Refactoring code is hard. There's a reason there are so many books and websites devoted to just the conceptual foundations of refactoring code — it requires a thorough top-level comprehension of an existing code base in addition to a working knowledge of the myriad 'causes' and 'effects' in its technical minutiae. ("What fresh hell would I unleash by removing this seemingly useless line?") When compounded with the introduction of a new library, framework, or service, an ostensibly innocuous refactor can quickly escalate into a lengthy, mind-bending, and agonizing process to make the legacy code play nicely with the new.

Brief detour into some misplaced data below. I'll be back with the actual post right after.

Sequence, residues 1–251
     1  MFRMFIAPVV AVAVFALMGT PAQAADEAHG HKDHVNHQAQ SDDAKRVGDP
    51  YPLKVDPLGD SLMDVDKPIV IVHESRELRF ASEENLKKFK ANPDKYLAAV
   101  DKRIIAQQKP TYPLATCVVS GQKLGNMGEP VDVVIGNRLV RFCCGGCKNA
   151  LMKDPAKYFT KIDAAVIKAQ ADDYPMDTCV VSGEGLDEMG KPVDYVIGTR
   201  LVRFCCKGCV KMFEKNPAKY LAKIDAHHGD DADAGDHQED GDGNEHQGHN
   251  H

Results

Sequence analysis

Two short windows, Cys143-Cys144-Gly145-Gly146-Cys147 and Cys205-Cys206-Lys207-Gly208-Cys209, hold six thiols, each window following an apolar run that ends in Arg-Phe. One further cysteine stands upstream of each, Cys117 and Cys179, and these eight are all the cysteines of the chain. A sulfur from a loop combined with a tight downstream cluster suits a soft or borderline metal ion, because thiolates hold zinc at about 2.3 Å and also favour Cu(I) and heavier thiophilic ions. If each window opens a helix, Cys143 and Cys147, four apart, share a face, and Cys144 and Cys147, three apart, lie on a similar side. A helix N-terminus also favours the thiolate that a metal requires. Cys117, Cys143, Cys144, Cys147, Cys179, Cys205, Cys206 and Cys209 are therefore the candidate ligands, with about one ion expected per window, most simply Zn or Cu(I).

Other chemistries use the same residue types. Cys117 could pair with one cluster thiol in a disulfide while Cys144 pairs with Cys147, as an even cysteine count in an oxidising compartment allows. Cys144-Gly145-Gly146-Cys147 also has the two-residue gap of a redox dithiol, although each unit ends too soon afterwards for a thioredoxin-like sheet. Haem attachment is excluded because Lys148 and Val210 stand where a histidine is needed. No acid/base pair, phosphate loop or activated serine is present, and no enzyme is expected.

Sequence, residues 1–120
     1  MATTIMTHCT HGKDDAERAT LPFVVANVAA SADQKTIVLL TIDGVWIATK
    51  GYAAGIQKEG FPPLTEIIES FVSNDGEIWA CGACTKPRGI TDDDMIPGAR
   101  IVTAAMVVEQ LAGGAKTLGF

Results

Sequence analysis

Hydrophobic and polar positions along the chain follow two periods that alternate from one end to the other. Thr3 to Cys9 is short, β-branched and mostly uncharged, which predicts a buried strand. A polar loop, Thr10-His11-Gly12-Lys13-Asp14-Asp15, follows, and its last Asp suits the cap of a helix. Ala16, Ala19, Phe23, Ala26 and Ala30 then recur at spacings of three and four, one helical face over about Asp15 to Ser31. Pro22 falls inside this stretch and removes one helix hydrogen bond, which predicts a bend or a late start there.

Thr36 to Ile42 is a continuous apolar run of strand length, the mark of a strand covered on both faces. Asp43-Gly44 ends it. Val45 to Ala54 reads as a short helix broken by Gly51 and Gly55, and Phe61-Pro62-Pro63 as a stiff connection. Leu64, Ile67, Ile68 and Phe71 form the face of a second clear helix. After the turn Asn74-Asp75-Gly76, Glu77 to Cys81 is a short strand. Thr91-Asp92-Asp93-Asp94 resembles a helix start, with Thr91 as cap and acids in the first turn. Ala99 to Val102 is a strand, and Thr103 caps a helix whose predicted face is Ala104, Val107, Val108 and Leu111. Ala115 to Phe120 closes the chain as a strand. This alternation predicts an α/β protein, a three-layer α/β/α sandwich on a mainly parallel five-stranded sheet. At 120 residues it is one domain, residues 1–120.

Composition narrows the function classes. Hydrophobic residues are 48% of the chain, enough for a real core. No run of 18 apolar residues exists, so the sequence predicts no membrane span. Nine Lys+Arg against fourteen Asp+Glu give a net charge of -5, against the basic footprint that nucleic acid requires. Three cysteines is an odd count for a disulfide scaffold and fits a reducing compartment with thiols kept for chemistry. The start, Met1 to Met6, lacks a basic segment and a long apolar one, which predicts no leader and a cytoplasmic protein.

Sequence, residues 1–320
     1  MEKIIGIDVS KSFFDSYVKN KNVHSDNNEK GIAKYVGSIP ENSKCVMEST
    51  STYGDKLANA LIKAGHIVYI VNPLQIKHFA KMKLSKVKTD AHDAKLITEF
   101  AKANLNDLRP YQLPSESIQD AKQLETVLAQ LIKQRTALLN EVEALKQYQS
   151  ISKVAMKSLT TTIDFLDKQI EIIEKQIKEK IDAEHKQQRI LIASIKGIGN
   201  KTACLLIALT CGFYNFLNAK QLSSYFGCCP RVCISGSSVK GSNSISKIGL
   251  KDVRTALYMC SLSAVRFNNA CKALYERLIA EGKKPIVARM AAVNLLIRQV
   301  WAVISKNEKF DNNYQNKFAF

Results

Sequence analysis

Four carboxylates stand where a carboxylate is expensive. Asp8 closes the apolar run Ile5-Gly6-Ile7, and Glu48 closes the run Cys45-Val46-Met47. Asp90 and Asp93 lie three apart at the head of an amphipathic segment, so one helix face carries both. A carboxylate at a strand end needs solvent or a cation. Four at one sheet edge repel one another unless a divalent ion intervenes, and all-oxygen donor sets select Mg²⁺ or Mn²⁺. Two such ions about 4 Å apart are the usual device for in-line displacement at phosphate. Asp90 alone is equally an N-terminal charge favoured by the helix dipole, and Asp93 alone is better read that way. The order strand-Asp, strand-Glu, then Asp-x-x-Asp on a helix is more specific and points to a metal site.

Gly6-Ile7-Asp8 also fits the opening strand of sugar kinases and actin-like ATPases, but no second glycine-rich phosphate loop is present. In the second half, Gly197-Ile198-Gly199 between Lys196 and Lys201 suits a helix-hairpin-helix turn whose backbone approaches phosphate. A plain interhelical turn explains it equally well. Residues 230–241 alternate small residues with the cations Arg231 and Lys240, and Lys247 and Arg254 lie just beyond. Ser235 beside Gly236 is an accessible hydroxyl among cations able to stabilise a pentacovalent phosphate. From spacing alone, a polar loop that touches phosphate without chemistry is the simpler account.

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In particular, the difficulty of refactoring client-facing code cannot, in my humblest of humble opinions, be understated in any way because of the sheer growth of complexity and dependence on JavaScript in the last couple of years. Recently, a multitude of libraries and frameworks have been proposed and lauded as "unopinionated" and "superheroic" tools used for organizing JavaScript in a rich, scalable way, but it's infinitely important to note that there is no One True Solution™ that can instantly be adopted for most scenarios. This mess of options is different from similar server-based tools in that that pure front-end solutions need to be lean — referring to both LOC and overhead — while simultaneously and almost paradoxically providing the most comprehensive functionality; otherwise, load times, interactions, and user experience will suffer. Minification and lazy-loading can obviously help to mitigate the slowdown, but they can't solve deep logical flaws and plugin-addiction! What eventually (read: hopefully) awaits you after this entire ordeal is a clean, standardized, and scalable code base.